Sun Protection & Anti-aging

By: Ms Doreen Ng, Pharmacist at Unity Tiong Bahru

First seen in Lifestyle Magazine (April 2013), pg 93. This article is an unbreached version of the print edition.

Introduction

Sunlight has a profound effect on the skin, causing premature skin aging, skin cancer, and a host of skin changes. These effects are mainly caused by ultraviolet (UV) rays, which is an invisible kind of radiation that comes from the sun.

There are 3 kinds of UV rays:

  • UVA – Accounts for up to 95% of the UV rays that reach the Earth's surface, and penetrates deeper into the skin, causing tanning. Fairly constant intensity throughout the day and year.

  • UVB - Affects the outer layer of skin, the epidermis, and is the primary agent responsible for sunburns. Most intense during the hours when the sun is the brightest.

  • UVC – Almost completely absorbed by the ozone layer and does not reach the ground.

How does sunlight damage our skin? What kind of symptoms does it cause?

Both UVA and UVB exposure can cause damage to the skin, accounting for up to 90% of the symptoms of premature skin aging. However, the actual mechanisms involved are not fully understood yet. Some proposed mechanisms include:

  • Collagen breakdown
  • Free radicals and DNA damage
  • Cell death

Chronic exposure to UV rays can lead to skin aging and damage, including:

  • Fine lines and wrinkles
  • Age spots, freckles, skin discolourations and pigmentations
  • Coarse, scaly, loose dry skin
  • Scaly red patches, otherwise known as actinic keratoses
  • Tough leathery thick skin that is rough and dry

How do I protect myself against harmful UV rays?

UV rays can reach you anytime of the day, not just on bright and sunny days. Hence, we need to protect ourselves from these harmful UV rays throughout the year, even on cloudy or hazy days. UV rays also reflect off of surfaces like water, cement, sand, and snow. Some tips to protect yourself from these harmful rays are listed below.

  1. Avoid peak sun hours

    • Seek shade during the hottest part of the day, usually from 10 a.m. to 4 p.m., when the sun's rays are at their most intense.

  2. Wear protective clothing to limit UV exposure

    • Loose-fitting long sleeve tops and long pants that are made of tightly woven material offer more protection from the sun.

    • Bright- or dark-colored, lustrous clothes may also reflect away more UV rays than pastels and bleached cottons.

    • Wear broad-brimmed hats to help shield your face, ears and neck area.

    • Wear sunglasses that can block both UVA and UVB rays to protect your eyes.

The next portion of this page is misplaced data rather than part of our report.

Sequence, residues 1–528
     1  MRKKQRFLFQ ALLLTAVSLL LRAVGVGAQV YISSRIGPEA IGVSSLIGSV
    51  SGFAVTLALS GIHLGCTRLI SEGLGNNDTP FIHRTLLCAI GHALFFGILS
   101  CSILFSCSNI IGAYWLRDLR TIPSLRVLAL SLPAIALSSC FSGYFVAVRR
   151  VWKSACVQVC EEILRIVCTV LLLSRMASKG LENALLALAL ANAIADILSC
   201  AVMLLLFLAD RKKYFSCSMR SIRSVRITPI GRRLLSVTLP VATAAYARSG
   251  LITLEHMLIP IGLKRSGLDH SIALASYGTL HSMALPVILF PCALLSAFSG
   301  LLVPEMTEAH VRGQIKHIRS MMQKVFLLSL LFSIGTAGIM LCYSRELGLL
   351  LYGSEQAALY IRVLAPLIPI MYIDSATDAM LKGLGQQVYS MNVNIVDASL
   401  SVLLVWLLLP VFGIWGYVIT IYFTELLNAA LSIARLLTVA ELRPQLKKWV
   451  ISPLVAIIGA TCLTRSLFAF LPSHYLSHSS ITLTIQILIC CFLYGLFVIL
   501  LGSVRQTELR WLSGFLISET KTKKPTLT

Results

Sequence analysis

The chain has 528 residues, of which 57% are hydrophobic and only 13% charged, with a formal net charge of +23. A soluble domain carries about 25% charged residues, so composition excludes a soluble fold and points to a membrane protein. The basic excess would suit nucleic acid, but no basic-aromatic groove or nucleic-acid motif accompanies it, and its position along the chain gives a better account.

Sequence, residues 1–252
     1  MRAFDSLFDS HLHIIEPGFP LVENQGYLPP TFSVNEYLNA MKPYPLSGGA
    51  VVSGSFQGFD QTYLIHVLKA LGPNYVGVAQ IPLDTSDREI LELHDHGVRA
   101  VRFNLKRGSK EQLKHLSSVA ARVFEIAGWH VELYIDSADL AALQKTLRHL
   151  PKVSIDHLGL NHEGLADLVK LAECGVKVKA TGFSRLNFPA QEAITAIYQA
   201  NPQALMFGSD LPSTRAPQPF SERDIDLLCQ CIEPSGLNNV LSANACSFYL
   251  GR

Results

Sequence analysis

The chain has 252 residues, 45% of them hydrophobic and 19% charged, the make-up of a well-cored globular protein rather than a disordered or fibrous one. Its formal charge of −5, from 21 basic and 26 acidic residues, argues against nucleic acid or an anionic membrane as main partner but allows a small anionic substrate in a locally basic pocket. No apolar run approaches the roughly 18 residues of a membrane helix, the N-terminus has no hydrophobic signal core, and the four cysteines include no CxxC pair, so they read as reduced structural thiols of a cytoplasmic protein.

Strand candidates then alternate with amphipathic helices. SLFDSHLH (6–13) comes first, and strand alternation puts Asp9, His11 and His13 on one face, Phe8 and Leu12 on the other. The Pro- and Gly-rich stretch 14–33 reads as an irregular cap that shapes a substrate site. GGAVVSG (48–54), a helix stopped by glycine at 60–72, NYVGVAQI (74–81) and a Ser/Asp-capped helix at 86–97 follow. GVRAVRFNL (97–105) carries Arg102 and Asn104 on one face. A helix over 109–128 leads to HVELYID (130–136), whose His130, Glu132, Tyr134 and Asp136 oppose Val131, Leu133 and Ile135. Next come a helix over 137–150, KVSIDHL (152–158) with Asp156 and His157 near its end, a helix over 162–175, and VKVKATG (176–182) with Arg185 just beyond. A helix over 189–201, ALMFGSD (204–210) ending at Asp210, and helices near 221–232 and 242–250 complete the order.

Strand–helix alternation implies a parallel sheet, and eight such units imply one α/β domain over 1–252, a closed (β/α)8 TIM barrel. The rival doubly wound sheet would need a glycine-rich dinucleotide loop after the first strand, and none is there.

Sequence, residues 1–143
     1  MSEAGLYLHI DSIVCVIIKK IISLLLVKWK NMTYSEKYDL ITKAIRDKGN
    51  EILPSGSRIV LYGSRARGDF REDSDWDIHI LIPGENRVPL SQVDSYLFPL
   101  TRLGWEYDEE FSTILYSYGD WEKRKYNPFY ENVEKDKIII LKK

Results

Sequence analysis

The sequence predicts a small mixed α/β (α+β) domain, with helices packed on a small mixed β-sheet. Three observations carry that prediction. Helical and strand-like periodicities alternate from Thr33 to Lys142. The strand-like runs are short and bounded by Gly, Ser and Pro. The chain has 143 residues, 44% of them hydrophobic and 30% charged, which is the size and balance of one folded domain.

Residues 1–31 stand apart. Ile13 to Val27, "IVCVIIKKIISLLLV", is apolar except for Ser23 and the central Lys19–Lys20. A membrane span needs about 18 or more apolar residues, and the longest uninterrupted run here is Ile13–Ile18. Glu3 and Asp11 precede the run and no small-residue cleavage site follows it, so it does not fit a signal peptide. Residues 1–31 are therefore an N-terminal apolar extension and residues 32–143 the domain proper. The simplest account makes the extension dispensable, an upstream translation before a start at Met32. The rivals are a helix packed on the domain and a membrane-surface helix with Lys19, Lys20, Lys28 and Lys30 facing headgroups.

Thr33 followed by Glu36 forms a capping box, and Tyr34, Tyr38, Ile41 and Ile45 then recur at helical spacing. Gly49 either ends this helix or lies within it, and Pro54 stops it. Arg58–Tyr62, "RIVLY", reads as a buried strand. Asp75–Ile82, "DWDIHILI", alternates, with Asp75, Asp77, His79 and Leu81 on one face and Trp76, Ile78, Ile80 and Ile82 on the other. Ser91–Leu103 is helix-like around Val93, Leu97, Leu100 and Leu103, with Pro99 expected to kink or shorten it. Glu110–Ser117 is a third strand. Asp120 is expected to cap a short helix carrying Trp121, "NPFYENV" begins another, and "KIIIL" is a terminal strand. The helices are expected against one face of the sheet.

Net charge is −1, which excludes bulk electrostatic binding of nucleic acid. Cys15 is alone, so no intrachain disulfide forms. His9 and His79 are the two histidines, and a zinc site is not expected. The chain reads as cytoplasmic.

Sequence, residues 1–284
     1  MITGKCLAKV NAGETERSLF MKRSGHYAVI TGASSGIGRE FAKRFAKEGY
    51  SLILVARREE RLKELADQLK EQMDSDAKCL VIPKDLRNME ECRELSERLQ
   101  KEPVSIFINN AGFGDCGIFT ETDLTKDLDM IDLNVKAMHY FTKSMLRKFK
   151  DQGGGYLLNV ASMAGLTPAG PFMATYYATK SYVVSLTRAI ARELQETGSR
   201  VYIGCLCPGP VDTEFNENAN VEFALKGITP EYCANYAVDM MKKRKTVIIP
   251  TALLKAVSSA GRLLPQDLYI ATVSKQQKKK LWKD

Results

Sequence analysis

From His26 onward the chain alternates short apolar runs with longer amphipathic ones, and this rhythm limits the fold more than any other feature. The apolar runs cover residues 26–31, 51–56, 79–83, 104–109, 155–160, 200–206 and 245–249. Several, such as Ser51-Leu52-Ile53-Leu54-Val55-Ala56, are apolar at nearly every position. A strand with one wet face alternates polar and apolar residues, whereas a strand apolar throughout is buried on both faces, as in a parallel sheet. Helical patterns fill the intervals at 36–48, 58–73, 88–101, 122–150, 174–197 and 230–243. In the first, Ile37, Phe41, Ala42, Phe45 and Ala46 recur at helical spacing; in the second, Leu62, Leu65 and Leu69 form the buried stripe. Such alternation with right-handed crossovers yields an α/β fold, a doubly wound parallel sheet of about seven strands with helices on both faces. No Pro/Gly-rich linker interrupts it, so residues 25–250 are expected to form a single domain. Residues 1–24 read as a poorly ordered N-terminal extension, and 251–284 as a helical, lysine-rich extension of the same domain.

3. Avoid indoor tanning

    • Indoor tanning can cause just as much or even more damage compared to sunlight as tanning machines also emit UV rays.

  4. Sunscreen

    • Apply sunscreen liberally, even on cloudy or cool days to protect against UV rays, at least 30 minutes before sun exposure.

    • Anyone above the age of 6 months is recommended to use sunscreen.

There are so many types of sunscreen available in the market. What should I look out for?

A broad spectrum sunscreen should ideally protect against both UVA and UVB rays. Most products combine several ingredients in order to achieve this. There are two general classes of sunscreens, chemical and physical sunscreens.

  • Chemical sunscreens – Work by absorbing UV rays. Common examples include Aminobenzoic acid derivatives (PABA), Avobenzone, Salicylates, Cinnamates and Benzophenones.
  • Physical sunscreens – Work by reflecting and scattering UV rays. Common examples include Titanium dioxide and Zinc oxide.

It is important to note that sunscreens do not filter 100% of UV rays. Most sunscreens include their Sun Protection Factor (SPF), which is an indication of how much protection it provides against UVB rays. SPF measures how long it will take for one’s skin to redden when using a sunscreen compared to when one is not using the sunscreen. For instance, if it normally takes 10 minutes for you to sunburn without a sunscreen, applying a sunscreen with an SPF of 15 will delay the onset of a sunburn to 150 minutes. However, this also depends on many other factors, such as intensity of the UV rays, whether the sunscreen’s effectiveness remains after time, etc. The higher the SPF, the more protection it provides. A sunscreen with an SPF of 15 screens 93 percent of the sun's UVB rays, while one with an SPF of 30 protects against 97 percent. Generally, an SPF of 30 is sufficient for people with sensitive skin or who spend a lot of time outdoors.

However, SPF gives no indication of UVA protection. There is currently no standard measurement of a sunscreen’s effectiveness in blocking UVA rays. Do look out for sunscreens which indicate ‘broad spectrum’, ‘multi-spectrum’ or ‘UVA/UVB protection’.

How should I apply sunscreen?

Sunscreen should be applied to dry skin about 30 minutes before sun exposure to ensure that it is sufficiently absorbed. A common mistake made by most people is that they apply too little sunscreen. This can reduce the effectiveness of the sunscreen. About one ounce (5-6 teaspoons) is recommended to cover the entire body on average. Be extra careful to cover thin-skin areas such as your face, nose, ears, neck and, for sandal-wearers, the tops of feet. Do also remember to get a lip balm or lipstick with adequate SPF to protect your lips.

It is also important to reapply sunscreen every 2 hourly, especially if you are staying outdoors for an extended period of time. Also consider reapplying after periods of prolonged sweating, abrasion or water sports. If possible, apply to dry skin and allow for 20 to 30 minutes before resuming activity.